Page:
PITTSBURGH — When Philippe Bozon was looking for a place for his son Tim to further his hockey career, it might seem that the Quebec Major Junior Hockey League would be a perfect fit for a French-speaking player.
But Tim Bozon wound up playing for Kamloops, B.C. in the Western Hockey League because Bozon pere wanted a tougher challenge for his son.
“I thought it would be better for his English but I also thought the hockey would be better,” said Philippe, who was the first French-trained player to win a job in the NHL when he joined the St. Louis Blues in the early 1990s.
“I thought it would be good for Tim because the defencemen are bigger and it’s a more physical game.”
“Tim did very well this year,” said Canadiens scout Trevor Timmins, who drafted the French youngster 64th overall in the NHL draft Saturday.
“He came over as a rookie in the WHL and scored 36 goals with the Kamloops Blazers. We like the way he competes and the way he adjusted to the Western Hockey League. That’s a tough league to play in for a player coming from Europe.”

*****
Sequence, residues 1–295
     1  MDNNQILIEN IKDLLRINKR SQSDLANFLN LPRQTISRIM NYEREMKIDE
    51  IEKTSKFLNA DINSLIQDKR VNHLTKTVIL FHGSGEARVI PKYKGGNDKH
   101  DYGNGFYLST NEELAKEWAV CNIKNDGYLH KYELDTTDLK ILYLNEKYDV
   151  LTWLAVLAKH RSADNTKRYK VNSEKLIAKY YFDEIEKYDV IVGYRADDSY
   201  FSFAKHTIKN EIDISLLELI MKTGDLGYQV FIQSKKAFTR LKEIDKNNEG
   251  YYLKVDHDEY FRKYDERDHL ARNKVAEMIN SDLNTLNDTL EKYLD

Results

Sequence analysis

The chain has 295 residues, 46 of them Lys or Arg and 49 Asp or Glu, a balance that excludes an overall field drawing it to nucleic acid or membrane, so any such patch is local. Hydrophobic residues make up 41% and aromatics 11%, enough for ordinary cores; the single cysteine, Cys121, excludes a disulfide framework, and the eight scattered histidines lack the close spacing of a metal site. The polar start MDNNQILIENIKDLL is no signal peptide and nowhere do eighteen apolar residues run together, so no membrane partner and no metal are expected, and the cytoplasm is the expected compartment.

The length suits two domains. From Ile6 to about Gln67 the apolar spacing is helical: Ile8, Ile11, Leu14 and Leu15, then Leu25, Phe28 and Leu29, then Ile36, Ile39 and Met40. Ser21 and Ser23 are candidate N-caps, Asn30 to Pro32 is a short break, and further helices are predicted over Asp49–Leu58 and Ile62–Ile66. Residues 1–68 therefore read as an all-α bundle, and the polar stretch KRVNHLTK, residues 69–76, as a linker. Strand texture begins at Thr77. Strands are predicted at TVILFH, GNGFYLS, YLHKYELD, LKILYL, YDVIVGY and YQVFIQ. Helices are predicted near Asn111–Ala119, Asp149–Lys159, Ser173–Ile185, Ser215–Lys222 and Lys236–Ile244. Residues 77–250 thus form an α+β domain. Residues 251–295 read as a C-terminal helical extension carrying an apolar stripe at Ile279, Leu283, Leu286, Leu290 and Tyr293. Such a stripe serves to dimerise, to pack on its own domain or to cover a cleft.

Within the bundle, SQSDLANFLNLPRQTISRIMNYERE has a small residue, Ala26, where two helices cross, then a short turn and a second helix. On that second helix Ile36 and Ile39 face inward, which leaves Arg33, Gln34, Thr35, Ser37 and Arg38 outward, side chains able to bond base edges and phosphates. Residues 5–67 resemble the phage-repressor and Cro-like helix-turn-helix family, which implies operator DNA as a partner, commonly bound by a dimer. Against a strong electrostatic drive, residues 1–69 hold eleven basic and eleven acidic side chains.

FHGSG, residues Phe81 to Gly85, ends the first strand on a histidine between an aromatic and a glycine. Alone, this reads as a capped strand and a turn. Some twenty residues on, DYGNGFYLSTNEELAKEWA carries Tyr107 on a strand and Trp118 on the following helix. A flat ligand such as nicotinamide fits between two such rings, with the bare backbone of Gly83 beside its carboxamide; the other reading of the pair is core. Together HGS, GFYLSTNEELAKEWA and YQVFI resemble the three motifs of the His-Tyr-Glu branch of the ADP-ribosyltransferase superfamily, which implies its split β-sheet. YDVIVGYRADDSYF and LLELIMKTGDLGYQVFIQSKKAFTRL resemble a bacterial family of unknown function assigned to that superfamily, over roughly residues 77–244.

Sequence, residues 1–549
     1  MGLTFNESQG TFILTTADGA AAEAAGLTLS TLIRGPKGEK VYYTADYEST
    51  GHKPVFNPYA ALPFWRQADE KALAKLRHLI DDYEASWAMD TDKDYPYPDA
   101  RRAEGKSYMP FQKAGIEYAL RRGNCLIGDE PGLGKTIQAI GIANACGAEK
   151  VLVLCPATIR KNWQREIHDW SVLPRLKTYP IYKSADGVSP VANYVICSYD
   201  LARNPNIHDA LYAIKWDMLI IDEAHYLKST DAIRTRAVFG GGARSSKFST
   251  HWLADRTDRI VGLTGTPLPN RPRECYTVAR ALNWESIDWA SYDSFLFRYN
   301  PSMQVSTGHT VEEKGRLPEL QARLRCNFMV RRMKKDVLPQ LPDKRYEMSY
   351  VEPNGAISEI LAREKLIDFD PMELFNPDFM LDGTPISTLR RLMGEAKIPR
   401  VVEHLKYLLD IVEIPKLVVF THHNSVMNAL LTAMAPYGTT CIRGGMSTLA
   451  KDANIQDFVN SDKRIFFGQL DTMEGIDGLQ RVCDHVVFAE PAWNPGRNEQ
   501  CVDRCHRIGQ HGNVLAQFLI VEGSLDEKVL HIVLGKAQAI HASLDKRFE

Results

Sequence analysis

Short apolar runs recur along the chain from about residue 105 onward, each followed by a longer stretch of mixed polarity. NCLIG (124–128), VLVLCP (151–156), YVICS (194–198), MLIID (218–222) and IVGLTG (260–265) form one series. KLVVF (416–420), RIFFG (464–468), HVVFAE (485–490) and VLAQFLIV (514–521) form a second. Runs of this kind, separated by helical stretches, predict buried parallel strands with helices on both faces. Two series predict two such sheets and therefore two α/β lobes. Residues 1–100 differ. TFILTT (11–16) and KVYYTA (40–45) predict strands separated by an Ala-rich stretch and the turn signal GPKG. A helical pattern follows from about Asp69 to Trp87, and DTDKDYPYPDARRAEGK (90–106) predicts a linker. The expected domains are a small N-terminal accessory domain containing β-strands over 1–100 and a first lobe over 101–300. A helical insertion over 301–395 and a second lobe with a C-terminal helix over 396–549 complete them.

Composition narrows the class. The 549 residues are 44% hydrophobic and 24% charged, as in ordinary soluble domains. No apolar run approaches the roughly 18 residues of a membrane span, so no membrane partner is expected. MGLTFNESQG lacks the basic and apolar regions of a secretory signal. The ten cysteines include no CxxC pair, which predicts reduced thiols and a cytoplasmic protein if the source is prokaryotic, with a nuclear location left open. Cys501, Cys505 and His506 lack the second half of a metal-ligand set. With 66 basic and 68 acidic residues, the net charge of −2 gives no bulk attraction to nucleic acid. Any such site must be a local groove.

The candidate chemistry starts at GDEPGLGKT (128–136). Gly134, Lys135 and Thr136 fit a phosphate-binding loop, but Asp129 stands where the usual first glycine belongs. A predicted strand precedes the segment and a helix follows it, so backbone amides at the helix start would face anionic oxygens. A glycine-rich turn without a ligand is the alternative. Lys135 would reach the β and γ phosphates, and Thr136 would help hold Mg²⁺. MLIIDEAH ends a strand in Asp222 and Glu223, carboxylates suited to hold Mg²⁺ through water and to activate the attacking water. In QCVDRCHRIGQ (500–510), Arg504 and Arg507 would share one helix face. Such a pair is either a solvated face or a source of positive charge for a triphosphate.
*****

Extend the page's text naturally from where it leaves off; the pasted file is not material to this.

Tim was born in St. Louis while his father was playing as a shutdown forward and occasional linemate for Brett Hull. He’s played most of his hockey in Switzerland where his father, a four-time French Olympian and a member of the IIHF Hall of Fame, is a coach.
Tim Bozon said it’s no surprise that his father sought out a challenging situation for him.
“He has been my coach (with the French national junior team) and he always pushes me harder than the other players,” said Bozon.
Timmins said the younger Bozon has embraced the challenge to work harder.
“We know his strength and conditioning coach in Switzerland and his work ethic and commitment to his off-ice preparation is going extremely well this summer,” said Timmins. “That’s key for him. He has to add size and strength but he has natural scoring ability.”
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